Editor’s note: Thomas Kasper is from Germany but now resides in Thailand where he studies and writes about tea. He is also a freelance writer and translator (German and English). We are pleased that he will now be contributing some of his tea knowledge to this blog.
Flight tea? What is that, you might ask now, tea that flies? Actually, yes. In short, flight teas are teas from the year’s very first harvest being air-shipped as streamlined as possible from the tea gardens to the tea shop counter. In Germany, passionate Darjeeling tea drinkers are lining up in front of tea shops every year starting from some point in March to get hold of some of the “first First Flushes” of the year being flown in by airplane straight from Darjeeling.
The tradition goes back to the 1960s when Darjeeling lovers, being starved of fresh supplies after the 4 to 5 months long winter break, created a special market segment by showing a particularly strong demand for the year’s first fresh Darjeeling teas, known as First Flushes, as soon as the harvest time for those had come. Producers reacted to this demand by loading their first tea charges on airplanes and sending them to Germany right after harvesting and processing their very first teas in spring.
Darjeeling teas produce the best qualities in the year’s first two harvests, the “First Flush” and the “Second Flush.” While the discussion of whether the first or the second flush is the best is an old and still ongoing one, with the balance tending to be in favor of the first flushes, there’s agreement regarding two things:
- After the second harvest season, the quality of the remaining (monsoon and autumn) harvest seasons will progressively deteriorate.
- The very best Darjeeling teas are the flight teas, offering a freshness and potential that no other Darjeeling tea coming later in the year will live up to.
These “flight teas” (German: Flugtee) show a particularly mild, round and balanced character, along with a unique set of taste properties, owing to both the long period of accumulation and enrichment of the juices in the tea plant and the preservation of absolute freshness through vacuum-packaging and quick air transport.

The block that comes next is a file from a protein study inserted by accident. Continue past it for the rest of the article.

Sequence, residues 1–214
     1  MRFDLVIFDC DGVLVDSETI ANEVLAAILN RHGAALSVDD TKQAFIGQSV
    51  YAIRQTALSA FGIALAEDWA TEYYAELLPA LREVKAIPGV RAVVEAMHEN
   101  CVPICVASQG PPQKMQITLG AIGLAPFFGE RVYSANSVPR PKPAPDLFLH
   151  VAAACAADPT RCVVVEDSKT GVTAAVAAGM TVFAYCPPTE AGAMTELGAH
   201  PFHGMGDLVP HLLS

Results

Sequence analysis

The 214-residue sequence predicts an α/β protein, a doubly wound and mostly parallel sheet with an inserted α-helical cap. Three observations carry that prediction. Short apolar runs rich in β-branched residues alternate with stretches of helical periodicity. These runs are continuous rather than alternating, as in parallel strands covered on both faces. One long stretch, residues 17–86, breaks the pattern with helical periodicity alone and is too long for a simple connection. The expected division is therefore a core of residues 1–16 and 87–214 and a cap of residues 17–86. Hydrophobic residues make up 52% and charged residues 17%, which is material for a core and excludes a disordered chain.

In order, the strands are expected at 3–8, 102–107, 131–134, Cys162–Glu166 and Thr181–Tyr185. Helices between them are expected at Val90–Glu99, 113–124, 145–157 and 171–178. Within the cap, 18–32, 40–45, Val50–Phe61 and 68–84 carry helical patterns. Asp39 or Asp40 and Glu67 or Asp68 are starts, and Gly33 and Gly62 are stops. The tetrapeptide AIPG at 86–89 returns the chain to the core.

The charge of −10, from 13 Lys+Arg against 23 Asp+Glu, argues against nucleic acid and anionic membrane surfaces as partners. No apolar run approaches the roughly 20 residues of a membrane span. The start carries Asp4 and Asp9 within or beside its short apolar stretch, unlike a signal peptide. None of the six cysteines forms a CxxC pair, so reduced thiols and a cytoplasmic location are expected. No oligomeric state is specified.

Only very high quality, famous, and valuable tea gardens are chosen to produce flight teas. With the tea plants driving new shoots only slowly in the relative cool of early spring, these are often available in rare amounts only. To this adds the high costs for the express air transfer, resulting in generally high prices for flight teas in the tea shops.
As the climate conditions are basically quite similar for teas from the Asia region, teas from China, Japan, and other Asian countries show clear parallels to Darjeeling teas in regard to winter break and the deterioration of quality from harvest to harvest during the year. In this light, especially Japanese green teas have meanwhile gained significant importance as flight teas in Germany, while the discussion on whether Chinese “red” (black) and Oolong teas has only just started.
“Why have I never heard of flight teas before?” A good question! While a Google search for the German term “Flugtee” returns page after page of explanations of the term and concept, embedded in a flood of entries of online tea shops offering their this year’s flight teas from Darjeeling or Japan, a search for relevant English language keywords returns about nothing. Why is that so? A lack of consumer awareness or initiative on the producer side? I don’t know, maybe a bit of both, but as somebody lucky enough to have tried freshly harvested and processed early spring tea on various occasions, I can clearly sense the significance of this concept, and would consider it well worth establishing an English language term for it. So, next month, when you’re in a tea shop, just give it a try and ask for flight teas!
See more of Thomas Kasper’s articles here.
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